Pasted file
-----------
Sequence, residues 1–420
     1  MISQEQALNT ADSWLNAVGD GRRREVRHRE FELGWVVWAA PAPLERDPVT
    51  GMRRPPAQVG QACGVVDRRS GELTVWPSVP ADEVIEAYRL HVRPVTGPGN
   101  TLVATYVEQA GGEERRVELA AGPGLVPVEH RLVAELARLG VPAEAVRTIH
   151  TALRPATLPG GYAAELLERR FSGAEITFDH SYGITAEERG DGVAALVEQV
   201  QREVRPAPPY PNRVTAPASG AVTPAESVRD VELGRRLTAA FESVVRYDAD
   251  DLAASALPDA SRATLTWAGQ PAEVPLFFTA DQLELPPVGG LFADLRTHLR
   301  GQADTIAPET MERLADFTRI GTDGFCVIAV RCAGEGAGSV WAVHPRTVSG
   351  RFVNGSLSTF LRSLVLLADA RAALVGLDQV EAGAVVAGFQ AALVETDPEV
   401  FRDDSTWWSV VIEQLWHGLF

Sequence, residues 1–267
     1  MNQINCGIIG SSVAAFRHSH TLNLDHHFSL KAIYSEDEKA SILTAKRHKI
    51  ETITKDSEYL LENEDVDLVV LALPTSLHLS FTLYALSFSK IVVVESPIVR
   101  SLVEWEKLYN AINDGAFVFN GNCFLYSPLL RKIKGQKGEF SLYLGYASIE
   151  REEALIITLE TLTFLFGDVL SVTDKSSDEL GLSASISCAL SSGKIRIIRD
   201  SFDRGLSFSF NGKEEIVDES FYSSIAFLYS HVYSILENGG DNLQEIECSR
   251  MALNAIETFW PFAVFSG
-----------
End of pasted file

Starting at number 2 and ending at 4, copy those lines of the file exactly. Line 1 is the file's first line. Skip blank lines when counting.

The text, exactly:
     1  MISQEQALNT ADSWLNAVGD GRRREVRHRE FELGWVVWAA PAPLERDPVT
    51  GMRRPPAQVG QACGVVDRRS GELTVWPSVP ADEVIEAYRL HVRPVTGPGN
   101  TLVATYVEQA GGEERRVELA AGPGLVPVEH RLVAELARLG VPAEAVRTIH